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6 Indie Horror Games Worth Revisiting (or Discovering for the First Time) https://www.gameskinny.com/907h1/6-indie-horror-games-worth-revisiting-or-discovering-for-the-first-time https://www.gameskinny.com/907h1/6-indie-horror-games-worth-revisiting-or-discovering-for-the-first-time Thu, 08 Mar 2018 13:16:48 -0500 Nutmeg95

Revisiting games can be an enjoyable experience, especially if it's been a long time since you’ve played them. Horror games have their own charm for revisiting after enough time has passed and you may not quite remember what’s around the next corner. Whether you’ve played these six games before or are discovering them for the first time, they’re worth the visit. 

http://www.penumbragame.com/media.phpImage Courtesy of Frictional Games

Penumbra: Overture (PC, Mac, and Linux)

All three games of the Penumbra trilogy are enjoyable on their own, but they are especially good when played together. Created by Frictional Games before Amnesia and Soma, these aren’t as long as full-length games and are more episodic. Released in 2007 as the first of the trilogy, Penumbra: Overture follows protagonist Philip as he goes to Greenland after receiving a letter from his father, who was presumed dead. The majority of the game takes place in an abandoned mine. The halls are dark, and Philip isn’t alone in the mine. There are several tools throughout the game that can be used as weapons. You can either evade the enemies or attack them head-on. The story is intriguing, and journal pages found throughout the mine reveal more of what happened there.

http://www.penumbragame.com/media.phpImage Courtesy of Frictional Games 

Penumbra: Black Plague (PC, Mac, and Linux)

This sequel to Overture came out in 2008. It picks up where Overture left off and continues the story well. In this one, there are no weapons, encouraging the player to use stealth or to run. Objects can be thrown to briefly distract the enemy but seem to do no damage. Penumbra: Black Plague has more tension than Overture due to the lack of weapons and the setting. As with the previous game, journal entries reveal more about the setting. The end of this game can stand on its own as the end of the series, or the story can continue with Requiem.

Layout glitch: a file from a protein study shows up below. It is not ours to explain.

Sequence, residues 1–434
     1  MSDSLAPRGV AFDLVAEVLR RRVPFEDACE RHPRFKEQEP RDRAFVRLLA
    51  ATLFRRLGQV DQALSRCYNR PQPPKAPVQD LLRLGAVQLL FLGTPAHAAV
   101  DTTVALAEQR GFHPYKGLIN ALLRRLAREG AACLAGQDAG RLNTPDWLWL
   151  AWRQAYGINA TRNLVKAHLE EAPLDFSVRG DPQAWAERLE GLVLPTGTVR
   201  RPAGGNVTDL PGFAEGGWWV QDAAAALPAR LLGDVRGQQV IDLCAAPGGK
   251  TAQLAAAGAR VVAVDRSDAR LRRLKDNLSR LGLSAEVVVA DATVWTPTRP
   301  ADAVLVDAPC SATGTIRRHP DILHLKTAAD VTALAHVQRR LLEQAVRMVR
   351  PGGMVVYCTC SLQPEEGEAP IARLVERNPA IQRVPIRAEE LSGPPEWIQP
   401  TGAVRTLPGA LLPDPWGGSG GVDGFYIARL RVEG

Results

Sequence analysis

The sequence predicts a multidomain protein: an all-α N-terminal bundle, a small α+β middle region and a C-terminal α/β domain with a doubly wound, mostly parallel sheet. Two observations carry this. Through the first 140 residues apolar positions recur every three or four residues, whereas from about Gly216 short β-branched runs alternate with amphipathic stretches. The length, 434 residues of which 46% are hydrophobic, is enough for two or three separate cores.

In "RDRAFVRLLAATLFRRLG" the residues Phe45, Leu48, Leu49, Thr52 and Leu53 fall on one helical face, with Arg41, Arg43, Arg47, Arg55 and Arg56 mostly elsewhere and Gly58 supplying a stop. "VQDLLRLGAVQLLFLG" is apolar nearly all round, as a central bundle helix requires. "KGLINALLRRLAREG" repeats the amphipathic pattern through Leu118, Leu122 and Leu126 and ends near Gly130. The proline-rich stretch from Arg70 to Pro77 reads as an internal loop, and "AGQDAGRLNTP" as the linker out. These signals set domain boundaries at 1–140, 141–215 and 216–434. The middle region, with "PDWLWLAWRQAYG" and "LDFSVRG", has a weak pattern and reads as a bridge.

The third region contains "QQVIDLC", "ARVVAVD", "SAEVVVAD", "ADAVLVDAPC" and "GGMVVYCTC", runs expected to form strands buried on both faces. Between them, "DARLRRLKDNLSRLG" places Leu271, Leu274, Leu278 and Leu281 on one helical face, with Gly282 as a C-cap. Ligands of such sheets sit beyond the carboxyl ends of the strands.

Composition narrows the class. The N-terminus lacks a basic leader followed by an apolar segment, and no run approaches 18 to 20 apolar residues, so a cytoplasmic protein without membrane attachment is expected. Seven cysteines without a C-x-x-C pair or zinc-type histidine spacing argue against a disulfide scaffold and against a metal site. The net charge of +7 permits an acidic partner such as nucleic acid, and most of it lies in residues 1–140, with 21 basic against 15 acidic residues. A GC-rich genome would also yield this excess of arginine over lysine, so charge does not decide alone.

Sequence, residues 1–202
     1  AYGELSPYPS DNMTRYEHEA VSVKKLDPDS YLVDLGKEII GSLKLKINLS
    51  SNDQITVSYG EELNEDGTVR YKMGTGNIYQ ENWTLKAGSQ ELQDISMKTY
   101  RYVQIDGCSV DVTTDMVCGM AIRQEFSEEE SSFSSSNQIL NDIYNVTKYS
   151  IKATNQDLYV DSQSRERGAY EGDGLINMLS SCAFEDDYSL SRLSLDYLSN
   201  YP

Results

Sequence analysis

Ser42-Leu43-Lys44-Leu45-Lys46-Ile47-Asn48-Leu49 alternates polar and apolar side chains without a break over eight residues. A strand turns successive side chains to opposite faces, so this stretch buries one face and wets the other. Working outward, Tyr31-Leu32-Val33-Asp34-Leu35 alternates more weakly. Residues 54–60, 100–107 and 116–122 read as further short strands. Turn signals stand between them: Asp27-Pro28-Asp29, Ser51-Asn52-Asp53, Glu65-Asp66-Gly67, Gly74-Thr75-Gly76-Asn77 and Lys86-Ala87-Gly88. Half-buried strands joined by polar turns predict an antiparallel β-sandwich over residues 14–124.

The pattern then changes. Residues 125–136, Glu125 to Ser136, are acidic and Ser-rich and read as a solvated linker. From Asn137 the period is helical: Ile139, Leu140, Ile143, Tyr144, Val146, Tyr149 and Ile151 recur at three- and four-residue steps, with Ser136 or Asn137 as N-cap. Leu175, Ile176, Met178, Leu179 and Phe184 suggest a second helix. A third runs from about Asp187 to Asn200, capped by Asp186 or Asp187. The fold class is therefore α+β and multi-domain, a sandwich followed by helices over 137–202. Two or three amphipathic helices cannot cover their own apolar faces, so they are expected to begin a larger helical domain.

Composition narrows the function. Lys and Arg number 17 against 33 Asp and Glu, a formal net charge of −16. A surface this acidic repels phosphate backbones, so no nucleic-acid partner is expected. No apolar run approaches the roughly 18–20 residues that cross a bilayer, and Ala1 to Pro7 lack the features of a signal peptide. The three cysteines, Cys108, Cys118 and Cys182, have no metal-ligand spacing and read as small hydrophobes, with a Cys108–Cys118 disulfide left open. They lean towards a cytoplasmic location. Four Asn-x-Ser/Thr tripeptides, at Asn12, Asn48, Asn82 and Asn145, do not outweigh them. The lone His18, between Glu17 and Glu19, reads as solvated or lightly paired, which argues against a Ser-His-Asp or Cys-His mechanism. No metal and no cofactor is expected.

http://www.penumbragame.com/media.phpImage Courtesy of Frictional Games

Penumbra: Requiem (PC, Mac, and Linux)

Penumbra: Requiem was released in 2008 as an expansion to Black Plague. This one is more enjoyable when played after the first two games. On its own, it has a few flaws, but overall it's worth playing at least once after the first two games. Requiem departs from the gameplay of the previous games, trading stealth for puzzles. The puzzles are fun to figure out but can be frustrating at times. The game has some tension, but not as much as Overture or Black Plague

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DreadOut (PC, Linux, and Mac)

DreadOut was released in 2014 by Digital Happiness. It has similarities to Fatal Frame, but differs and isn’t a repeat. Linda, the main character, fights ghosts with a camera. The ghosts are from Indonesian mythology, and the game is set in the Indonesian jungle. The setting and the ghosts create a refreshing setting for a horror game; it isn’t the usual asylum or haunted house, and the original setting makes it hard to guess what will happen next. The story is well-done, and the lore of the ghosts that are discovered throughout the game adds to the game nicely. The controls can take getting used to, but it’s well worth it. This game too has an excellent soundtrack.

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DreadOut: Keepers of the Dark (PC)